European Court of Human Rights: review of the Grand Chamber judgment of 22 December 2020 in the case of Selahattin Demirtaş v. Turkey (No. 2) (application no. 14305/17)

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DOI: 10.21128/2226-2059-2021-2-3-14

Keywords: detention of a member of parliament, lack of reasonable suspicion of applicant having committed an offence and lack of reasonableness of pre-trial detention, limitation of passive suffrage, parliamentary immunity, pre-trial detention pursuing the ulterior motive of stifling pluralism and limiting freedom of political debate, right to free elections, right to freedom of expression

Abstract

In Selahattin Demirtaş v. Turkey (application no. 14305/17), the European Court of Human Rights considered the issue of pre-trial detention of a member of parliament, who at the time of the events was one of the co-chairs of the Peoples’ Democratic Party (HDP), a left-wing pro-Kurdish political party. The arrest related to the exercise of his duties as an elected representative and restricts him to exercise parliamentary functions. The European Court pointed out the need for a well-founded crime by a parliamentarian, higher requirements for the analysis of evidence by courts in proceedings against current parliamentarians, and the inadmissibility of using detention on ulterior motives of suppressing pluralism and restricting freedom of the political debate. The Court revealed the presence of ulterior motives in the form of suppression of opposition from the circumstances of the arrest, the context of the criminal prosecution, and the conclusions of international organizations. The court also noted that the right to free elections is not limited to simply being able to take part in parliamentary elections; a person also has the right, after being elected, to take part in the activities of parliament and to take part in its sessions. The possibility to participate in parliamentary debates in writing is not enough. In the context of the admissibility of the complaint, the Court also noted that the complaint to the Inter-Parliamentary Union is not “the subject of “another procedure of international investigation or settlement”, since it does not adjudicate a dispute between an individual and a state based on a legal instrument by which States have agreed to recognize its authority to do so in respect of certain clearly defined rights, and therefore does not prevent the filing of an application with the Court.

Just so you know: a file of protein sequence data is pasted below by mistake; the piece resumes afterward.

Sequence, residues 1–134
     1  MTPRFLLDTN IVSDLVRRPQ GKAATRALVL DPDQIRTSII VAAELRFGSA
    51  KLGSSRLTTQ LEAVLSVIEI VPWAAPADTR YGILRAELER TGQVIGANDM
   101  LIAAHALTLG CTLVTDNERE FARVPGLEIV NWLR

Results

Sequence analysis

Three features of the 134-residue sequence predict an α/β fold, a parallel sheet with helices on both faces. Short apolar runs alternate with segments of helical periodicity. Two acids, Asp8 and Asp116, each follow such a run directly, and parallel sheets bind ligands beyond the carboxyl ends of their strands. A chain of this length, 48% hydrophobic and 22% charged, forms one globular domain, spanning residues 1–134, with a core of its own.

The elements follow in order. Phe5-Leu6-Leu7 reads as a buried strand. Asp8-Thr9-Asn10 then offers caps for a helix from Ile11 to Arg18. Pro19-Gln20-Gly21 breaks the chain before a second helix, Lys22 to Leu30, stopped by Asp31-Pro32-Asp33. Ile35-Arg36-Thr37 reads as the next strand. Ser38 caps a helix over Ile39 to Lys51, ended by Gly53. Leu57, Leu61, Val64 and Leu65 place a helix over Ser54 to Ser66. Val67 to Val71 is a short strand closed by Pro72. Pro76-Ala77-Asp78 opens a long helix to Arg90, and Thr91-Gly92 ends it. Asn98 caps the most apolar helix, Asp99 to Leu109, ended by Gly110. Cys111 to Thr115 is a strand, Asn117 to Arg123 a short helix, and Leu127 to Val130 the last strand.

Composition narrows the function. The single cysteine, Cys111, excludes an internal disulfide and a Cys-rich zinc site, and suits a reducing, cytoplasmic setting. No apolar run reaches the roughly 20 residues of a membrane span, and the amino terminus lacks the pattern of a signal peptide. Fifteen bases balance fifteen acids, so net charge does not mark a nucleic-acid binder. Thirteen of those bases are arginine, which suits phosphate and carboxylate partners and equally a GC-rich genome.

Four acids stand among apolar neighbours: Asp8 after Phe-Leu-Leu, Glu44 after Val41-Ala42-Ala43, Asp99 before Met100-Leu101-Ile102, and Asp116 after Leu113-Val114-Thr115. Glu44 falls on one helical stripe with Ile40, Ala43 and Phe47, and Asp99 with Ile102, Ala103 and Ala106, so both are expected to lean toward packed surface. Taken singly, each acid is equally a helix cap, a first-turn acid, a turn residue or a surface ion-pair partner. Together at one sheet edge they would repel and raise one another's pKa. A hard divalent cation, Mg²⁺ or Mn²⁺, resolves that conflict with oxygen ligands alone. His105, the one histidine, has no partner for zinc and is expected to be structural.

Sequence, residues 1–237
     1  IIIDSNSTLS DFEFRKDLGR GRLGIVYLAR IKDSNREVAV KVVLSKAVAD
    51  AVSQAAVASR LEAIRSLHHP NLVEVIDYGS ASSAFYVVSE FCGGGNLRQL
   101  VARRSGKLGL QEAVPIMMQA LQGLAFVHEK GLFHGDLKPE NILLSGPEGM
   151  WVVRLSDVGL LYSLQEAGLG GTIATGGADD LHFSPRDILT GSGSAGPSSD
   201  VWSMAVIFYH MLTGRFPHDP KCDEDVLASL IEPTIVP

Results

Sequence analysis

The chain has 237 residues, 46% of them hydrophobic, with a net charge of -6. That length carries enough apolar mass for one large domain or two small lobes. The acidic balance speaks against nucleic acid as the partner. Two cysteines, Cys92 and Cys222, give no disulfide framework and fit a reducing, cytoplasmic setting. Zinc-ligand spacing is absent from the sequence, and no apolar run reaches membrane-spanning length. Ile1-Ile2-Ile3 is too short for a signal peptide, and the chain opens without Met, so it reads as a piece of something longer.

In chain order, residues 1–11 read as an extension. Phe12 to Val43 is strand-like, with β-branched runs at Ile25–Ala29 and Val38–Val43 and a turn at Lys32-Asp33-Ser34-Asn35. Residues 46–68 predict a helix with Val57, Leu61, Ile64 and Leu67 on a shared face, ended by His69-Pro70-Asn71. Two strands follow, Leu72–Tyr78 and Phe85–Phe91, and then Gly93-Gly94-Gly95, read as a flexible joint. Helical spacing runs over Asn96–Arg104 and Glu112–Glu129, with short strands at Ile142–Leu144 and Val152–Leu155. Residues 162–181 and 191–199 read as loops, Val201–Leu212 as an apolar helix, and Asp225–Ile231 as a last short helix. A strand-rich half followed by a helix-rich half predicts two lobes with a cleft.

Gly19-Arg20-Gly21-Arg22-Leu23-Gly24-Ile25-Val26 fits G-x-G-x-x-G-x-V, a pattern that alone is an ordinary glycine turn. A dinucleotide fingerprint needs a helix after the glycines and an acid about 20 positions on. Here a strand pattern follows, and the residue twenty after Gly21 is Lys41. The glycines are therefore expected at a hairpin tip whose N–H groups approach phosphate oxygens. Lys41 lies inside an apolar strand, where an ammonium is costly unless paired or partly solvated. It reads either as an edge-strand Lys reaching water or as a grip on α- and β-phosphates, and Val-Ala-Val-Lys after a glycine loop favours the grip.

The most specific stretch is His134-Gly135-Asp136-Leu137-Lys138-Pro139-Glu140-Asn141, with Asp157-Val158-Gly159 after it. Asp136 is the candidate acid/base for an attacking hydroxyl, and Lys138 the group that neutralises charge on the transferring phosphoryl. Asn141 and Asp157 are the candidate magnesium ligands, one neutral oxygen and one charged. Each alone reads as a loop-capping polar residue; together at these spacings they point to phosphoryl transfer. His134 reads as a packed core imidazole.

Citation: (2021) Evropeyskiy Sud po pravam cheloveka: obzor postanovleniya ot 22 dekabrya 2021 goda po delu Selahattin Demirtaş protiv Turtsii (No. 2) (zhaloba no. 14305/17) [European Court of Human Rights: review of the Grand Chamber judgment of 22 December 2020 in the case of Selahattin Demirtaş v. Turkey (No. 2) (application no. 14305/17)]. Mezhdunarodnoe pravosudie, vol. 10, vol. 11, no. 2, pp. 3–14. (In Russian).